• It’s funny that someone who is tech savvy, like your husband, has problems with the microwave. Maybe men have been brain washed into thinking that they can’t handle anything kitchen or food related. A throwback to the 1950’s when only mom wore an apron and entered the kitchen. I’m very pleased that my son has developed an interest in cooking. He needs to watch his weight and being involved in everyday food choices really helps. He is thinking about what he eats and how it’s made and how he can eat healthier.


  3. I might think about an air fryer if I get suddenly rich, but that seems more than a little unlikely.


    • Air fryers are a total luxury. Noone actually needs them – except maybe people in the south who are drowning themselves in cooking oil every day!


  4. A couple of friends of mine have air fryers and swear by them and I have a foodie friend who loves gadgets, well actually he loves all gadgets and if they link to an iPhone or Apple smart watch so much the better as a far as he is concerned. I’m not a foodie myself, I find it quite amusing when lunching with a group of friends that the men are often discussing recipes and cooking shows while we women are talking about news and current affairs. The air fryer and the multi cooking devices like Thermomix sound very handy but I don’t really need them. I would like a food processor though as I absolutely loath chopping things and if a recipe calls for anything to be grated I am not making it.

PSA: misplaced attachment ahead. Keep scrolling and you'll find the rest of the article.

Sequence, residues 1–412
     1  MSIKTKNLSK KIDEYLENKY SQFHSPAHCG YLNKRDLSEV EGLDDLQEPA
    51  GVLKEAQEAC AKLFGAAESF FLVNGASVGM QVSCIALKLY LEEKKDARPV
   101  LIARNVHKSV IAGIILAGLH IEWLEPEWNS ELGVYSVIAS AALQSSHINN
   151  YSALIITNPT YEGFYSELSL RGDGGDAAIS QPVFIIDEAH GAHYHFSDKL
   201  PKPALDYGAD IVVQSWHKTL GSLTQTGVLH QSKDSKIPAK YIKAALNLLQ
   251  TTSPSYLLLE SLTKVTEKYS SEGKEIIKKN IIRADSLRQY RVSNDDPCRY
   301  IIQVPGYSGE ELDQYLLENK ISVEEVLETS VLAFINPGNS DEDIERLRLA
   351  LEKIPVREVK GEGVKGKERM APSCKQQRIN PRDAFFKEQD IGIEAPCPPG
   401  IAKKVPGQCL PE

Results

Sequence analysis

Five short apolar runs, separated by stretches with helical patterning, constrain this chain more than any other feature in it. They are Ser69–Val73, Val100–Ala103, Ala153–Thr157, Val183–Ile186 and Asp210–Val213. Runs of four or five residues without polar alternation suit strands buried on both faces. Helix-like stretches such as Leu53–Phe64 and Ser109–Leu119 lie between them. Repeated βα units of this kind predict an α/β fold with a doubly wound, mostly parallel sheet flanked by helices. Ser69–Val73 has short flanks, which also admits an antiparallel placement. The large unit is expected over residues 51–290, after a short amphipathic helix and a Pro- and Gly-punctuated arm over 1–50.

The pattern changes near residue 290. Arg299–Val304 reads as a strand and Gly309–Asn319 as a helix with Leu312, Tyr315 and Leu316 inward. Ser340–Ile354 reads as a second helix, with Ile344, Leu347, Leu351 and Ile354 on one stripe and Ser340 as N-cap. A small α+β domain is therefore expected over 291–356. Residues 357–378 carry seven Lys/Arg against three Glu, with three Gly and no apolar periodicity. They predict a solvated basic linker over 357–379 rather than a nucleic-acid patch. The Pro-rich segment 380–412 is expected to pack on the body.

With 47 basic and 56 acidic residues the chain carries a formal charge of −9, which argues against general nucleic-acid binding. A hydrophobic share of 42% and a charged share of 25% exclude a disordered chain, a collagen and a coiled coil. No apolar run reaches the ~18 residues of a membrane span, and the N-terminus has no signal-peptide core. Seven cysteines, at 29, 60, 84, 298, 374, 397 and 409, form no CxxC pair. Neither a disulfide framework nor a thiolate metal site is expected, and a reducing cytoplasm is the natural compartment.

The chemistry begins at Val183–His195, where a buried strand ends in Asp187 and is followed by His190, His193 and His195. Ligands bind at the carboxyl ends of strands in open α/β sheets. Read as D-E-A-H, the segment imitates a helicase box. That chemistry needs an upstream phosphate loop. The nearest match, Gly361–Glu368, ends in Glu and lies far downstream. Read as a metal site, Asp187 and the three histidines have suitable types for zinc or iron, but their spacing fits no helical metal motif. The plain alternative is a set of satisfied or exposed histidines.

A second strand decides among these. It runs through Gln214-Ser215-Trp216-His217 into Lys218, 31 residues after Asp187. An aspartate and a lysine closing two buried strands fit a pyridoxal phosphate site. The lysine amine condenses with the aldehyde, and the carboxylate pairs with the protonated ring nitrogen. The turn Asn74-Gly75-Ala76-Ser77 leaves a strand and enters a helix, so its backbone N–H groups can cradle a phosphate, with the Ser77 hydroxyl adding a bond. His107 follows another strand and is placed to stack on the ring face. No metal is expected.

Liked by 1 person

    • I think that connecting your kitchen appliances to your phone or the internet is going a bit far. I just need something to help me chop, puree, grate and mix. And the air fryer is wonderful. You get the effect of frying with no oil. No mess, no heart attack! I think that the advent of better kitchen technology has gotten more men into the kitchen. I also think that the competition shows on the food network draw as many men as women. I share many of my cooking shows with my son, who just got into them recently and has become a huge fan.

      Liked by 1 person

  5. I have to admit, I bought a little chopper and the quality of my chopped veggies has drastically improved. I have been making Manhattan shrimp chowder and New England clam chowder … and all those neatly chopped vegetable are a big contribution. But it’s not electric and you can’t use Alexa to set it, I fear.

    Liked by 1 person

    • We are getting a lot of use out of the air fryer that David convinced us to get. They make amazing fried chicken wings with absolutely no fat!



  1. KITCHEN GADGETS – BY ELLIN CURLEY — Serendipity – Seeking Intelligent Life on Earth – wandasncredible the blog